What is Planned Parenthood and why is it important?
Planned Parenthood is a nonprofit organization that provides sexual health care in the United States and globally. Of the people who use its services, 79% have low incomes at or below 150% of the federal poverty level. Women of color, low-income women, and women living in rural areas often have nowhere else to turn. Furthermore, the LGBTQ community disproportionately relies on its services to access birth control, educational resources, and preventive health services. Planned Parenthood is one of the country’s largest providers of healthcare to transgender people. It is often the only culturally-competent center available, especially in more conservative areas of the country. In other words, it is the only provider where transgender and gender nonconforming individuals can receive care and feel safe disclosing their gender identity.
Breakdown of Planned Parenthood Services
Did You Know...
85% of Planned Parenthood healthcare patients in the US are age 20 and older
An estimated 1 in 5 women in the US has visited a Planned Parenthood health center at least once in her life
Provides more than 295,000 Pap tests and more than 320,000 breast exams in a single year, critical services in detecting cancer
Provides more than 4.2 million tests and treatments for sexually transmitted infections in a single year
Provides education programs and outreach to 1.5 million people in a single year
Has 10 million activists, supporters, and donors working for women’s health and safety
Planned Parenthood's Decline in Clinics
How Does Federal Funding Work at Planned Parenthood?
Most of Planned Parenthood’s federal funding comes from
Medicaid reimbursements for preventive care. In other words,
Medicaid reimburses Planned Parenthood’s doctors and
nurses for the preventive medical services they provide. The
remainder of the funding comes from Title X, the nation’s
family planning program. Planned Parenthood serves 1.5
million of Title X’s over 4 million patients each year. It is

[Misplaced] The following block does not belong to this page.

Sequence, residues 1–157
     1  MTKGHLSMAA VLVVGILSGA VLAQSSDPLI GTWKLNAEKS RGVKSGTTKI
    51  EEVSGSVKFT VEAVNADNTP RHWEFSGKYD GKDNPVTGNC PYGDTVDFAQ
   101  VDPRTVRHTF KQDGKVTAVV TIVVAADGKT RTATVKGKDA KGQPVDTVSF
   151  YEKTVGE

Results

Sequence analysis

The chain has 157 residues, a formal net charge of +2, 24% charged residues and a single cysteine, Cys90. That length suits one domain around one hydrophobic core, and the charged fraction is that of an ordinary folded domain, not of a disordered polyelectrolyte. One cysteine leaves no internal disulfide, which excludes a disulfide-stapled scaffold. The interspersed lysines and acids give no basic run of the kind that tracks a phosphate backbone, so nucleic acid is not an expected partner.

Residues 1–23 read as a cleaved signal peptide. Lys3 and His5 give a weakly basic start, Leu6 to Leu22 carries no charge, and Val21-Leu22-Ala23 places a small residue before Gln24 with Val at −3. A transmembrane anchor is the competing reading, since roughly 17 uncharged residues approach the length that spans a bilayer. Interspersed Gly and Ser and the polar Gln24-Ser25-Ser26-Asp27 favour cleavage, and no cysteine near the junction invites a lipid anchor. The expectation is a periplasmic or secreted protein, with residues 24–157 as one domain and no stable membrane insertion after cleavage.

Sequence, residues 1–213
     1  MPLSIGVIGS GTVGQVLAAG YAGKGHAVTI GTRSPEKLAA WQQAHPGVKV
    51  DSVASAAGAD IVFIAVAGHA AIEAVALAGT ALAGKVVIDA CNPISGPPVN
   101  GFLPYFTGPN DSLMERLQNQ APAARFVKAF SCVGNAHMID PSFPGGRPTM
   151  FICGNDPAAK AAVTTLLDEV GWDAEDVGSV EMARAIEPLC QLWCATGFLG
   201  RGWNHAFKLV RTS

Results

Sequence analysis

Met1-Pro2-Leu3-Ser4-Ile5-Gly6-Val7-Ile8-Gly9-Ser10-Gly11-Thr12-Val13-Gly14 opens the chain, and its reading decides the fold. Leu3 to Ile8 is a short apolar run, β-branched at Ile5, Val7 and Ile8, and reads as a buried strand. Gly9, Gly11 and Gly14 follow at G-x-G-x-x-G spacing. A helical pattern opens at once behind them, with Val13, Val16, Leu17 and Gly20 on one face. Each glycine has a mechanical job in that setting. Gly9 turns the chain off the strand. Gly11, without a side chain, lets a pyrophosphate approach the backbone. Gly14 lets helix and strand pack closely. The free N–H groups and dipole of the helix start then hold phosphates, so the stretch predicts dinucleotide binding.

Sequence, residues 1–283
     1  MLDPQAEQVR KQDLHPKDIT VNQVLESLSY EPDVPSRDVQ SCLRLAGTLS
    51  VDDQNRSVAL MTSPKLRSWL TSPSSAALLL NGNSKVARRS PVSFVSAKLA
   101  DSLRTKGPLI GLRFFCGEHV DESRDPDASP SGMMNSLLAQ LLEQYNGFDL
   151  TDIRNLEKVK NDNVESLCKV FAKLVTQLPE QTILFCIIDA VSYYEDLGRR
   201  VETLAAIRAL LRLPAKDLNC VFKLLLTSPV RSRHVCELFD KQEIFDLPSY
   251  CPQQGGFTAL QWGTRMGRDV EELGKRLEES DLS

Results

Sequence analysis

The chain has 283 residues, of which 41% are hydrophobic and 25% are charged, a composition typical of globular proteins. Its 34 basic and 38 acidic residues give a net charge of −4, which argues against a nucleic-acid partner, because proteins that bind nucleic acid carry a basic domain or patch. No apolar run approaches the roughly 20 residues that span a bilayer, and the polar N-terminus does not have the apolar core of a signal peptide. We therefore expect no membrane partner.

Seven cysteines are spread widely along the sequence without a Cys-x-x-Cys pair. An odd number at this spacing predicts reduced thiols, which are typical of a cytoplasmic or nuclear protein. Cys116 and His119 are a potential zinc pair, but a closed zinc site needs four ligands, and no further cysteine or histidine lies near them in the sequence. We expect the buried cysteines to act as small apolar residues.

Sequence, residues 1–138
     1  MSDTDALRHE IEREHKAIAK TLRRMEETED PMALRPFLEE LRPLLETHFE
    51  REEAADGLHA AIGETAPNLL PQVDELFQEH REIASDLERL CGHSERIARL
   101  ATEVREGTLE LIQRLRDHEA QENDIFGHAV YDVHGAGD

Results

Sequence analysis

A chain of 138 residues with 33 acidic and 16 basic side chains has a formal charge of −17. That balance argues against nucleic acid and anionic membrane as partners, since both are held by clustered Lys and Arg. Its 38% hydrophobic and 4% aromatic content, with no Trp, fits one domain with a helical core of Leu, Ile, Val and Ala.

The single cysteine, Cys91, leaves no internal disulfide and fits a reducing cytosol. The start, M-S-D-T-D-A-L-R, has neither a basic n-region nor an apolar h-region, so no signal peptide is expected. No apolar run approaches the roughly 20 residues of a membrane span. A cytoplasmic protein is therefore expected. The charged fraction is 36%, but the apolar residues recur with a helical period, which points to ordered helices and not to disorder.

important to note that the government saves $7 in
Medicaid-related costs for every dollar invested in publicly
funded family planning programs like Title X. The
Congressional Budget Office projects that barring Planned
Parenthood health centers from being reimbursed through
Medicaid would result in a net cost of $130 million to taxpayers
over 10 years.
Contrary to what many believe, there is no keep-Planned
Parenthood running-part of the federal budget. When politicians say they want to “defund” Planned Parenthood, they essentially mean that they are going to block patients who rely on public health care programs from getting their care at Planned Parenthood centers. This is because at least 60% of Planned Parenthood patients rely on public health programs like Medicaid and Title X for their preventive and primary care.
What is the relationship between Planned Parenthood and HIV?
Planned Parenthood offers HIV testing and counseling. It has over 700 clinics in the country, and in 2015, it provided about 704,000 tests. It aims to decrease the stigma associated with the disease by stressing that getting tested is a “normal part of healthcare” and that HIV is a chronic disease continuum that is really no different than any other chronic disease except that it is obtained primarily through either needle sharing or through sexual contact with the exchange of bodily fluids.
“Planned Parenthood can diagnose a person with HIV and refer them for treatment elsewhere. Our referrals are to specialists that will provide treatment to prevent infection-- it’s called part of the treatment cascade and the HIV continuum of care” … “and the idea is to reduce the viral load of the individual down as low as possible and that will not only keep that person's health, the person who was infected healthy, but it will also protect the HIV infected person’s partners.”
- Planned Parenthood Foundation of America (PPFA)’s Vice President of External Medical Affairs, Dr. Vanessa Cullins